August 12, 2017

Up & Running Quickstart

A quickstart to using Docker Compose to run a PHP application in development.

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Let's start using a docker-compose.yml file to get started with Docker quickly.

In this video, we use the Shipping Docker Github repository to get up and running quickly. This repository includes a docker-compose.yml file and a build process for 2 images.

We basically follow the instructions in the Github repository to create an environment that we can use to start hacking on a PHP application.

1. Get the files and spin up containers

# Get shipping-docker files
git clone
cd php-app

# Start the app, run containers
#   in the background
# This will download and build the images
#   the first time you run this
docker-compose up -d

At this point, we've created containers and have them up and running. However, we didn't create a Laravel application to serve yet. We waited because we wanted a PHP image to get created so we can re-use it and run composer commands.

2. Create a new Laravel application

# From directory "php-app"
# Create a Laravel application
docker run -it --rm \
    -v $(pwd):/opt \
    -w /opt \
    --network=phpapp_appnet \
    shippingdocker/php \
    composer create-project laravel/laravel application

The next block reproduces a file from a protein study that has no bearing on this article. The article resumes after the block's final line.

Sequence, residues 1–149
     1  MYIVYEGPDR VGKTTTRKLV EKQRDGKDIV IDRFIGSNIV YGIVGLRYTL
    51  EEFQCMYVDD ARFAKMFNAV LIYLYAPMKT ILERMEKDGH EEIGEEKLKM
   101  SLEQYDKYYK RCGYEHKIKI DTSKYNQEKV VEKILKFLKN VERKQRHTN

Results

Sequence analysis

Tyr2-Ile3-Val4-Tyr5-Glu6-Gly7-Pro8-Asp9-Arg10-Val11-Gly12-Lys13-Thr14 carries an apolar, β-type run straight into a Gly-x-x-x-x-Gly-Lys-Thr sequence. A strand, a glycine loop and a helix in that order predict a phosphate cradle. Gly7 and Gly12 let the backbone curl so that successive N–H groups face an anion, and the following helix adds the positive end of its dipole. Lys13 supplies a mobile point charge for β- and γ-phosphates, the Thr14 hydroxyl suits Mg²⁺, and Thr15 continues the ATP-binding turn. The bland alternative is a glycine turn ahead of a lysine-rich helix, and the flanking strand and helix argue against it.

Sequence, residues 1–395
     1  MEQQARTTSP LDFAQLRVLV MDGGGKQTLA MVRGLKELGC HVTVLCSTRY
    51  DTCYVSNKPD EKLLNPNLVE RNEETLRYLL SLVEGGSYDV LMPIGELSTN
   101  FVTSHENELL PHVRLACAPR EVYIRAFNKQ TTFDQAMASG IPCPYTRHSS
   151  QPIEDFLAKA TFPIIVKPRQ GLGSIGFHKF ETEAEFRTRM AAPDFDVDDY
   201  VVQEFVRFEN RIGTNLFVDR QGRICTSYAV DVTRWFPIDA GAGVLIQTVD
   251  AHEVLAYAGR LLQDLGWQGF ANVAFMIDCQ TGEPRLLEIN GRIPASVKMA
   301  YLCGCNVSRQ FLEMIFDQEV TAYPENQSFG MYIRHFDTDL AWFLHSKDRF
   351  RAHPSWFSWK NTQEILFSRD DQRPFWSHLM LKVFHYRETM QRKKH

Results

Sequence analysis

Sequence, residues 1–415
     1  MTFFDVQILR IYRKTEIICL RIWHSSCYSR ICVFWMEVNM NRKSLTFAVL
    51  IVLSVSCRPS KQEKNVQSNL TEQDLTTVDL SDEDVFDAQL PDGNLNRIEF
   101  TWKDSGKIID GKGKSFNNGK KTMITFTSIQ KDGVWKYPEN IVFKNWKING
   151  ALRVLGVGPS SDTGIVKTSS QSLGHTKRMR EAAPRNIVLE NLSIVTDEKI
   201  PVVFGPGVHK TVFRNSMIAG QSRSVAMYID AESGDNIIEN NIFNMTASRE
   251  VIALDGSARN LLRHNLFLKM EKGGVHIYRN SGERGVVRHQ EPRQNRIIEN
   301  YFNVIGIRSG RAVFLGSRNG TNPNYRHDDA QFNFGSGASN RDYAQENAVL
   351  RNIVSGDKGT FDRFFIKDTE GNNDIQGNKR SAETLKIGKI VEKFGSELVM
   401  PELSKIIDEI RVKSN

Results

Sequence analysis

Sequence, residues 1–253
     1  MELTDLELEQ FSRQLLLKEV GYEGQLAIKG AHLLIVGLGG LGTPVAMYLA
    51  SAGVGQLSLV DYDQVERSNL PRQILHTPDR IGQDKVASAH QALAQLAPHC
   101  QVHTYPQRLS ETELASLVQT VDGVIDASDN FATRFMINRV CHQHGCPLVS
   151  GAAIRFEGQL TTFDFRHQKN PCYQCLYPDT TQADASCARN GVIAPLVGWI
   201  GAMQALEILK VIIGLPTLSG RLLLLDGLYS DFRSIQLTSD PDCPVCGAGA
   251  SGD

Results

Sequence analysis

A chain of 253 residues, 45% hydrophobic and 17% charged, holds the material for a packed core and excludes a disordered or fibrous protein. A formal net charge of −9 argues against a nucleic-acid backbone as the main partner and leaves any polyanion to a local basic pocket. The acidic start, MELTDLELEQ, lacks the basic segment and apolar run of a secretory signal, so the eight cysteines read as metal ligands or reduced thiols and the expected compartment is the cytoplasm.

docker run -it --rm \
    -v $(pwd)/application:/opt \
    -w /opt \
    --network=phpapp_appnet \
    shippingdocker/php \
    composer require predis/predis


The -v flag is sharing the current directory (the $(pwd) command expands out to the current directory) with the /opt directory inside the container. We know a /opt directory exists in the container because it's a directory common to all flavors of Linux.

The -w flag sets the "working-directory" to /opt. In other words, when the container spins up, all commands run will be relative to /opt.

Since we shared our host machine's current directory (which includes our Laravel code files) with the container's /opt directory, and we set the working directory to /opt, we know any commands we run, such as composer require will be run from the directory containing our code.

Windows users may need to define their current directory manually. This means replacing $(pwd) with a file path such as C:/Path/To/Code/Files. Note the use of back-slashes instead of forward-slashes. Read more about that here.

Edit the application/.env file to have correct settings for our containers. Adjust the following as necessary:




If you already have an application, you can move it to the application directory here. Else, you can adjust the shared volume file paths within the docker-compose.yml file.

If you edit docker-compose.yml file, run docker-compose down; docker-compose up -d to suck in the new Volume settings.

3. Add Auth Scaffolding:

We can add Laravel's Auth scaffolding as well. To do that, we need to run some Artisan commands:

# Scaffold authentication views/routes
docker run -it --rm \
    -v $(pwd)/application:/opt \
    -w /opt \
    --network=phpapp_appnet \
    shippingdocker/php \
    php artisan make:auth

# Run migrations for auth scaffolding
docker run -it --rm \
    -v $(pwd)/application:/opt \
    -w /opt \
    --network=phpapp_appnet \
    shippingdocker/php \
    php artisan migrate

Now we can start using our application! Head to http://localhost/register to see your Laravel application with auth scaffolding in place.


Looking for a deeper dive into Docker?

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